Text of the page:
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Back in 2009 when Italy convicted a number of CIA officials in absentia for abducting a cleric and sending him off to Egypt where he was severely tortured, no one thought that the CIA officials would ever face the music. That may change with the arrest in Panama on July 18 of Robert Seldon Lady, the former CIA station chief in Milan. It’s a landmark moment on the path toward accountability for abuses committed by the US in its counterterrorism strategies after 9/11.

Media reports indicate that Lady was detained by Panamanian authorities at the border with Costa Rica. Italy had issued an international arrest warrant in December 2012.

Lady was sentenced to eight years in prison for his role in the abduction and rendition of Osama Moustafa Hassan Nasr – better known as Abu Omar – to Egypt in 2003. The conviction and sentence (increased to nine years by the Appeals Court in 2010) were upheld by Italy’s highest criminal court in September 2012.

Abu Omar was kidnapped off the streets of Milan and flown from the US Air force base in Aviano, Italy to Egypt via the Ramstein Air Base in Germany. Abu Omar alleges that he was tortured repeatedly during the nearly four years he was held in Egyptian custody. He was released from prison without charge in February 2007.

In December 2007 Abu Omar told Human Rights Watch that he was violently abused upon his arrival in Egypt. “You cannot imagine … I was hung up like a slaughtered sheep and given electric shocks,” he said. “I was brutally tortured and could hear the screams of others who were tortured too.”

Italy’s quest for accountability stands in stark contrast to the failure by other European governments to hold any senior officials accountable for torture and other abuses conducted in the name of counterterrorism. Eleven other European countries – Denmark, Finland, Germany, Lithuania, Macedonia, Poland, Portugal, Romania, Spain, Sweden, and the UK – are alleged to have taken part to various degrees in the illegal CIA rendition program. Despite repeated calls from the European Parliament and Council of Europe rights bodies for full investigations, to date governments have avoided, stalled, or shut down attempts to hold virtually anyone to account.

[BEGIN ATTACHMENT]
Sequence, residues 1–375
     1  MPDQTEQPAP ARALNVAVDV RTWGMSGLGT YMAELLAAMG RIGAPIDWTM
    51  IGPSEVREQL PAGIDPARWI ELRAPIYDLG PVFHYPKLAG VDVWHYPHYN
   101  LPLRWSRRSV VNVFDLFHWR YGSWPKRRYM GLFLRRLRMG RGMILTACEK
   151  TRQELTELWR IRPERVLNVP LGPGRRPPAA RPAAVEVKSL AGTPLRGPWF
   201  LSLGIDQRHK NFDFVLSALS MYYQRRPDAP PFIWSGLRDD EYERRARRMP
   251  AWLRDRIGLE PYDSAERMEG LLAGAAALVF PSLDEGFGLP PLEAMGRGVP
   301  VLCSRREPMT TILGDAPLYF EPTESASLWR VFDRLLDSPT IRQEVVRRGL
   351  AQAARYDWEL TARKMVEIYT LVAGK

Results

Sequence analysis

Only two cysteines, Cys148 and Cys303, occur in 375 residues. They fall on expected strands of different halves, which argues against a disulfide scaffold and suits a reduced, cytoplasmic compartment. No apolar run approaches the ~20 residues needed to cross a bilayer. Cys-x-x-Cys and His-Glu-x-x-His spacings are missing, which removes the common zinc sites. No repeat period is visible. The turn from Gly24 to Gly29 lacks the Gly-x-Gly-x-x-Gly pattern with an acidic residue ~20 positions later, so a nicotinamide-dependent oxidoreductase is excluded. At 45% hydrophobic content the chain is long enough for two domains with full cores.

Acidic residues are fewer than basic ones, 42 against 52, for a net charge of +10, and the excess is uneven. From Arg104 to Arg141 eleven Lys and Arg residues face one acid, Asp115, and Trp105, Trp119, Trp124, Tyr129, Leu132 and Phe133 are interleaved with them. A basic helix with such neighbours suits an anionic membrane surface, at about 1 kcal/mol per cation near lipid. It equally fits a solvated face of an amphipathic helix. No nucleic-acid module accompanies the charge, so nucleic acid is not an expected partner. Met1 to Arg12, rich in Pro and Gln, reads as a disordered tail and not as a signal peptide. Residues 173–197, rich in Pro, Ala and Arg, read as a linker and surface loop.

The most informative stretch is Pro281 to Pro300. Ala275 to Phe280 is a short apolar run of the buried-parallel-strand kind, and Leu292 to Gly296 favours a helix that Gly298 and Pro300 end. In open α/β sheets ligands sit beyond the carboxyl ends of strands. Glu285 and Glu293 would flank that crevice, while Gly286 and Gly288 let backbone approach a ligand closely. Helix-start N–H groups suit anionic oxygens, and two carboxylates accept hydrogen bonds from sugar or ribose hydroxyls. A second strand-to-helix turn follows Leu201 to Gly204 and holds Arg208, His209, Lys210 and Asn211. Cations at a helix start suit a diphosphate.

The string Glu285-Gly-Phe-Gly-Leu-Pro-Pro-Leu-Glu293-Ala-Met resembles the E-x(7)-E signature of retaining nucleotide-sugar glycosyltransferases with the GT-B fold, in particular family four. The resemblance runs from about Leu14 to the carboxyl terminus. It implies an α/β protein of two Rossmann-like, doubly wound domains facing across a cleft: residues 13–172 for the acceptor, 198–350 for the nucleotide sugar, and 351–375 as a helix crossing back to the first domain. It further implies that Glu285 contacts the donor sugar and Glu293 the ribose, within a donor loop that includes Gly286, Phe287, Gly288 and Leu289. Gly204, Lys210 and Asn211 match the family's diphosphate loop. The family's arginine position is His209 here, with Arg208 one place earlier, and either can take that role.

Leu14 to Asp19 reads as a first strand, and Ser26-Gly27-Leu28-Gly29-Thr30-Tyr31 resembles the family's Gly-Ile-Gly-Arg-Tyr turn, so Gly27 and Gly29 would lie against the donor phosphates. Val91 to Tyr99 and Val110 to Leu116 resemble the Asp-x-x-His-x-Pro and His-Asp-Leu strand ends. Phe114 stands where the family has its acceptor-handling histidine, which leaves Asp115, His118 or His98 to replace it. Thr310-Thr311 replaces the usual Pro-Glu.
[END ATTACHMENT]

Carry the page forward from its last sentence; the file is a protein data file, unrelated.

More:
With the exception of several low-level military personnel, the US has failed to hold anyone to account for counterterrorism abuses. In August 2012 US Attorney General Eric Holder announced that the only criminal investigation the Justice Department had undertaken into alleged abuses in CIA custody, headed by the special prosecutor John Durham, would be closed. This investigation resulted in no criminal charges, including in the case of two detainees who died after apparent mistreatment in US custody.

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